John Curno

Fotonow, 2012

ISBN 978-1-908678-03-4 Hb


John Curno has made black-and-white photographs of the British landscape since the late 1970s, inspired by opposing American traditions of landscape mysticism and realism and by European romantic ideas around decay. If there is no especially distinctive voice here and minimal conceptualisation, his best work is nonetheless very well seen and realised, and stands honourably alongside that of slighty older contemporaries such as Cooper, Blakemore and Godwin.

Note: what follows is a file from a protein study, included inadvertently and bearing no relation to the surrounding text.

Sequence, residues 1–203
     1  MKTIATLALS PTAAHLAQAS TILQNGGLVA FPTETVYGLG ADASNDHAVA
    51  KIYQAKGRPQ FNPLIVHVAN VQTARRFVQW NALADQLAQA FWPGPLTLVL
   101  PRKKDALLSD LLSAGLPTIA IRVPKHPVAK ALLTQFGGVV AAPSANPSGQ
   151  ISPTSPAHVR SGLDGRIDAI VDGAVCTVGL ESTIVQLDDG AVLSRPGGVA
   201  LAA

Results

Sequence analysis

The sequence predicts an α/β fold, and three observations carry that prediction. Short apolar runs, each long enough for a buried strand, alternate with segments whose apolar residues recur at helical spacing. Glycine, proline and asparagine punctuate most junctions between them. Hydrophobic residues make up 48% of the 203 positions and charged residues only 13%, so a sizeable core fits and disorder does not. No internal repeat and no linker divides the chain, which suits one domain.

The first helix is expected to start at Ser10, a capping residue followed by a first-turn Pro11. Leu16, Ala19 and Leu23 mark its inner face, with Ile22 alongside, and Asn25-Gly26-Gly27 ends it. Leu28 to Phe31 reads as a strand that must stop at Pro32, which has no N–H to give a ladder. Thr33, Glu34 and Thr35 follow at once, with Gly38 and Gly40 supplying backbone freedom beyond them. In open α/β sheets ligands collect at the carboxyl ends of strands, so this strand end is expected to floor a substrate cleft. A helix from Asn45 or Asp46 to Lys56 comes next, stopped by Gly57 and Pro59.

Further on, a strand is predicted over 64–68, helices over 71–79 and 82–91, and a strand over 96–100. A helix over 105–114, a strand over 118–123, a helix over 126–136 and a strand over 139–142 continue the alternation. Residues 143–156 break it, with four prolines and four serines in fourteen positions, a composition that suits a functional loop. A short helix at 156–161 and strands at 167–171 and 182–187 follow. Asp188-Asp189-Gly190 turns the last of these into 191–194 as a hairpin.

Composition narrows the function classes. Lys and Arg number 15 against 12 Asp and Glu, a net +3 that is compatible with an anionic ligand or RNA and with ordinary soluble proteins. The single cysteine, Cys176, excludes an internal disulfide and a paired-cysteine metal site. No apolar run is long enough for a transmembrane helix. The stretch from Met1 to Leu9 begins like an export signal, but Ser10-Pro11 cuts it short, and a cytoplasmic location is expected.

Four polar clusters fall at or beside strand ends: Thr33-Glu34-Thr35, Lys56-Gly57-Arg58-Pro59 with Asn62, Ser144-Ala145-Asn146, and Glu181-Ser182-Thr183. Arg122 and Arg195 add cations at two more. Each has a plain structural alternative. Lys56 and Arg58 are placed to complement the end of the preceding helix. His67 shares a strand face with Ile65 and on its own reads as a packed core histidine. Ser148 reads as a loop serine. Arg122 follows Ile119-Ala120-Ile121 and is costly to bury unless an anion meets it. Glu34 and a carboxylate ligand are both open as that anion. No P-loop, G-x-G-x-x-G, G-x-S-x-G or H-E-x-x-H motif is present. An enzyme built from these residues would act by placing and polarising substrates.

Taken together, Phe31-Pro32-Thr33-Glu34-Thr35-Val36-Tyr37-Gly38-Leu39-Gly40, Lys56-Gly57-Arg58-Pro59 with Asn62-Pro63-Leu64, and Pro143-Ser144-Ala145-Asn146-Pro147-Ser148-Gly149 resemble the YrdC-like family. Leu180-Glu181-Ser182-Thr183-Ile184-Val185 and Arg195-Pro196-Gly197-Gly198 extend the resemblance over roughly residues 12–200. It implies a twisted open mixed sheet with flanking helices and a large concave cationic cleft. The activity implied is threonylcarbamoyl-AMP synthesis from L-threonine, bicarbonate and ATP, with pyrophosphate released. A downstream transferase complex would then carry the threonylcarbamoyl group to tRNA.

This monograph of Curno’s life’s work is the first book published by Fotonow, a community photography organisation based in Plymouth. We live in a new world of democratic publishing and this book reminds us what a mixed blessing that can be. Able photographers are often brought to light through distressingly amateurish book-making. The images here needed a tighter edit and are crudely printed, many with speckling and blown highlights. Texts are peppered with grammatical and punctuation errors. Curno’s goofy section introductions – ‘Bideford … has a lot of character with some lovely buildings and good shops plus a lot of history … So please everyone should go and visit Bideford’ – should all have been deleted. The double entendre of the title is painfully inept. In our rush to publish we seem to be forgetting that good photographs are not enough: it takes a refined set of publishing skills to make a good book.